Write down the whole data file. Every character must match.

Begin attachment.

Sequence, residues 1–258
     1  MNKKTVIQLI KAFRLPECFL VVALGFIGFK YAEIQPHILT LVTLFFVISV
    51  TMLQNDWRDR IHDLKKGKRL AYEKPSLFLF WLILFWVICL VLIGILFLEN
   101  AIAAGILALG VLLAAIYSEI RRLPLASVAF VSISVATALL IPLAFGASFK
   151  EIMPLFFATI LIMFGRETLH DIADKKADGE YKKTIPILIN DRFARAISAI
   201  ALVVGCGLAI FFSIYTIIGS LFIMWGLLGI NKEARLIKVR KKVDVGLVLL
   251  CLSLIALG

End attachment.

Sequence, residues 1–258
     1  MNKKTVIQLI KAFRLPECFL VVALGFIGFK YAEIQPHILT LVTLFFVISV
    51  TMLQNDWRDR IHDLKKGKRL AYEKPSLFLF WLILFWVICL VLIGILFLEN
   101  AIAAGILALG VLLAAIYSEI RRLPLASVAF VSISVATALL IPLAFGASFK
   151  EIMPLFFATI LIMFGRETLH DIADKKADGE YKKTIPILIN DRFARAISAI
   201  ALVVGCGLAI FFSIYTIIGS LFIMWGLLGI NKEARLIKVR KKVDVGLVLL
   251  CLSLIALG